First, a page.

Cat Throwing Up? Causes, Symptoms & Treatments For Cat Vomiting

If your cat is vomiting, it’s important to understand the cause to help them feel better. Learn what to do when your cat is throwing up.

Brittany Leitner

Updated April 11, 2023 • Published February 17, 2021

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Cat Throwing Up? Causes, Symptoms & Treatments For Cat Vomiting

Vomiting is relatively common in cats, and as a pet parent, it can be anxiety-inducing when you’re unsure why your feline friend looks or feels unwell. It's necessary to realize that vomiting is a symptom and not a condition in itself, and therefore, has many possible causes. It's important to know when the vomiting is severe enough for you to need to take your cat to the vet to check for more serious causes.

Why is my cat throwing up?

There are several possible causes for vomiting in cats. These include simple things like hairballs, parasites, sudden changes in diet, or a mild stomach upset, to more serious things like toxic ingestion, foreign body obstructions, kidney or liver disease, complicated stomach/bowel inflammation, cancer, blocked bladder, food allergies, diabetes, and hyperthyroidism.

Given the wide range of possible reasons why your cat is throwing up, without the professional help or diagnosis of a trained veterinarian, it can be difficult to figure out the cause.

If there's no clear indication of what's going on or you're concerned the cause might be more serious, talk to a vet professional. They can help you determine what the next best step should be.

To help determine the cause for your cat throwing up, you'll want to observe how often it's occurring. Chronic vomiting in cats means frequent vomiting—three or more times per month for at least three months. Acute vomiting is when a cat who normally isn't prone to vomiting starts throwing up. Both require the care and attention of a veterinary professional, however, the diagnostic tests and treatment between acute and chronic vomiting can be very different, and knowing how often your cat is vomiting can help your vet decide on the next best step.

Should you go to the vet if your cat is throwing up?

In general, if your cat has only vomited one to three times and is otherwise normal, there is a higher likelihood that they do not need urgent care for their condition. If your cat is throwing up more than three times and the vomiting is accompanied by other symptoms, you should see a vet right away. These signs include (but are not limited to):

  • Straining to urinate

  • Not eating or drinking 

  • General lethargy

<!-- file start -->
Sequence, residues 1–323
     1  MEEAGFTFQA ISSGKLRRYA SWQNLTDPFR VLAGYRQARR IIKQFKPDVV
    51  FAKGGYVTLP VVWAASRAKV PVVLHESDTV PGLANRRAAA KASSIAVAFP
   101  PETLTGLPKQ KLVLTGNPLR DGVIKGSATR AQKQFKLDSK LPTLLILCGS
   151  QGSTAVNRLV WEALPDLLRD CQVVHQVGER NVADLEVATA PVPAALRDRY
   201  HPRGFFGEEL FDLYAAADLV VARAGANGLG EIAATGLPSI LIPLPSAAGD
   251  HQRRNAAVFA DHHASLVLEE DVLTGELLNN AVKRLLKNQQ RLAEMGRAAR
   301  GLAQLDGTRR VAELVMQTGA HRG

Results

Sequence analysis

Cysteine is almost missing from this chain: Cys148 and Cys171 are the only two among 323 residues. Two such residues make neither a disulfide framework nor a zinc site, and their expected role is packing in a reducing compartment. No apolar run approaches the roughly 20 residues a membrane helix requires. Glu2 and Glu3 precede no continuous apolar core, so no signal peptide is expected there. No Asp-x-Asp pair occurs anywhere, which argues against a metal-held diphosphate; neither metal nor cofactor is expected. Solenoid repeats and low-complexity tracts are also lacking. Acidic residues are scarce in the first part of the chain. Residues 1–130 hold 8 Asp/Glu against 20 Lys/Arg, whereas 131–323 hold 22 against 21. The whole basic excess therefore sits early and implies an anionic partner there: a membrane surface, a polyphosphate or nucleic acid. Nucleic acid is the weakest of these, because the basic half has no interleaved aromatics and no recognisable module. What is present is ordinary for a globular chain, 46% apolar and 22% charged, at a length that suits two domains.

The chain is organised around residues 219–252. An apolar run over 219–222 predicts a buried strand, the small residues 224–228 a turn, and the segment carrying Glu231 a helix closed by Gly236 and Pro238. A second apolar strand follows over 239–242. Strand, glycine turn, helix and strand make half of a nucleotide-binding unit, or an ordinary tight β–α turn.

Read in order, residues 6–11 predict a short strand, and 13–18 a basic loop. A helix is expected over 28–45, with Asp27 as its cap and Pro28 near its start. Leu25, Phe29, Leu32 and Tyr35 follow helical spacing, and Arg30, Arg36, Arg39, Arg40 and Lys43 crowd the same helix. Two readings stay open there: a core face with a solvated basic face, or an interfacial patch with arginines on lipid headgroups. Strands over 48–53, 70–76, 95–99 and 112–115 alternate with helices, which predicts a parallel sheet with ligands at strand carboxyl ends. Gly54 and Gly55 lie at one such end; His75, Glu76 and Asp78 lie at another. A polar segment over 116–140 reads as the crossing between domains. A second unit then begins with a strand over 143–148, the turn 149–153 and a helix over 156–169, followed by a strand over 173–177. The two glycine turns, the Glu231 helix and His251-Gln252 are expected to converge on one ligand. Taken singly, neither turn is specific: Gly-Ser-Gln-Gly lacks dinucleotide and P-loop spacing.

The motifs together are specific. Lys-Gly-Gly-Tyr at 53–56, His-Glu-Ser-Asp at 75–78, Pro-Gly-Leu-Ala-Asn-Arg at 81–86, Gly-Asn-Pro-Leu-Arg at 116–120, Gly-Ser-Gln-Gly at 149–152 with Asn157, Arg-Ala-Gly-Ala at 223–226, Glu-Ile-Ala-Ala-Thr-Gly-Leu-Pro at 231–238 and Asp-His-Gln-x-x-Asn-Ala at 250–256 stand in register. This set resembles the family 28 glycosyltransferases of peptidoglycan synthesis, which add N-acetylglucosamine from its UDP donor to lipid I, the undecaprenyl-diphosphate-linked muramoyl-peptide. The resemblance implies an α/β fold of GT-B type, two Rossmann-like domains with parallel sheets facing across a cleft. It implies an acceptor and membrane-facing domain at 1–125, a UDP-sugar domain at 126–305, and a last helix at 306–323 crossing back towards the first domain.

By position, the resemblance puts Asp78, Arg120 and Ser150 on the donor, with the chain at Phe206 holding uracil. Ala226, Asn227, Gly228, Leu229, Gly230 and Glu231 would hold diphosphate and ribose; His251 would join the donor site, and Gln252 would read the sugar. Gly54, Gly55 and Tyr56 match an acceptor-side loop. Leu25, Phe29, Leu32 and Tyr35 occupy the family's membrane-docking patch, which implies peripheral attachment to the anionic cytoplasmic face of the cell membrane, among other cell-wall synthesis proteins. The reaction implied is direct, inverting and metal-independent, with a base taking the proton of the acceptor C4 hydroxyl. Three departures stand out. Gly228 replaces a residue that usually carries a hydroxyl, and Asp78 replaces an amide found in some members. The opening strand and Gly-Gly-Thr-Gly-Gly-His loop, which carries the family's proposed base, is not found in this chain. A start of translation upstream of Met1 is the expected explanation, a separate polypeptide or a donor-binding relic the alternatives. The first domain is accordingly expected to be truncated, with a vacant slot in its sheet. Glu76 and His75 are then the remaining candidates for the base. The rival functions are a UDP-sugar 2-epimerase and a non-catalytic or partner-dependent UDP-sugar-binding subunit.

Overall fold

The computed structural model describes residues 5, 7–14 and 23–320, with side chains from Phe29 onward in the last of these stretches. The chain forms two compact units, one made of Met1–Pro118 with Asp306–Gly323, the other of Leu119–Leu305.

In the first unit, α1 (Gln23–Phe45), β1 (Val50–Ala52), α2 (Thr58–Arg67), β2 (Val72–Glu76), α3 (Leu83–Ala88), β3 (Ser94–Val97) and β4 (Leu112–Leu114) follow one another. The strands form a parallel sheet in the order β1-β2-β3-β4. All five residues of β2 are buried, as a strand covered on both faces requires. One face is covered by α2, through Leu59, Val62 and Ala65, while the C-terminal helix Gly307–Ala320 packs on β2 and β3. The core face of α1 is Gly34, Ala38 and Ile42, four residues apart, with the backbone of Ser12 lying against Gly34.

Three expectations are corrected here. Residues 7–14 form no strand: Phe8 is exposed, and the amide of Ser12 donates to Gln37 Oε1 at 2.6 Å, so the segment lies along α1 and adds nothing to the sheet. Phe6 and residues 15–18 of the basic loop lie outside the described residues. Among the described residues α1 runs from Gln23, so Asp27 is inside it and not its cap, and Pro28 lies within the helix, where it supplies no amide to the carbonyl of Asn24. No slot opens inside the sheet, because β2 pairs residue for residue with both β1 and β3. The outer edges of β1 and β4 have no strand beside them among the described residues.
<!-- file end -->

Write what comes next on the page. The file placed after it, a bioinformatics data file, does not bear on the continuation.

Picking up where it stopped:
• Abnormal vocalizations

  • Diarrhea

  • Very fast breathing or open-mouthed breathing

  • Signs of pain

  • Signs of dehydration

  • Pale gums

If you suspect your cat is vomiting because they’ve ingested something foreign or come into contact with toxins (like garden lilies), you should see your vet right away.

Treatments for cat vomiting

There is no safe over-the-counter medication to treat vomiting in cats that can be given at home, so any medication will have to be given under the guidance of your veterinarian.  Your vet can assess if any medications need to be prescribed and provide careful instruction on how to give the medication to your cat—especially if they’re routinely throwing up food.

If your cat has been vomiting for less than 24 hours and there are no other symptoms, you can withhold food from them for 12 hours to allow the stomach some time to rest and recover (for young kittens you should not withhold food for longer than 4-6 hours). After this period, you can feed a bland diet which is easily digestible. A bland diet usually consists of a single, low-fat protein and a single carbohydrate. An example of this is boiled white meat chicken and rice. Feed small meals about six times per day. This diet can be fed for 2-3 days (24 hours in the case of young kittens), after which you should transition back to their usual diet over 1-2 days. You can add a probiotic for cats to the diet as well to help balance the gut in case of a simple stomach upset. 

In addition, make sure you're using regular preventative treatment for parasites as advised by your vet, as parasites can be a cause for vomiting.

If your cat is regurgitating (heaving up undigested food soon after eating)—which is slightly different from vomiting—try feeding them smaller meals or use a slow feeder, as regurgitation can sometimes be a result of simply eating too fast.

If the veterinarian has determined that their food is causing vomiting, any food changes should be done gradually over 5-7 days to ensure the digestive tract has time to adjust so it can digest the food optimally. Start by mixing small amounts of the new food with the previous diet and slowly increase the amount of new food while decreasing the amount of the previous food.

Visible hair in the vomit can be a sign of hairballs being the cause for your cat throwing up. You can speak to your vet about using a specific food or product that helps to eliminate hair from the gut on a regular basis to try to prevent vomiting from hairballs.

At the end of the day, if your cat is experiencing any sort of nausea or vomiting, your best option is to seek professional advice. The team at Pawp is here to help ensure that you're doing the right thing for your cat—chat with us 24/7 about your cat's vomiting or any other concerns you may have.


Reviewed and fact-checked by

Dr. Mari, DVM at Pawp

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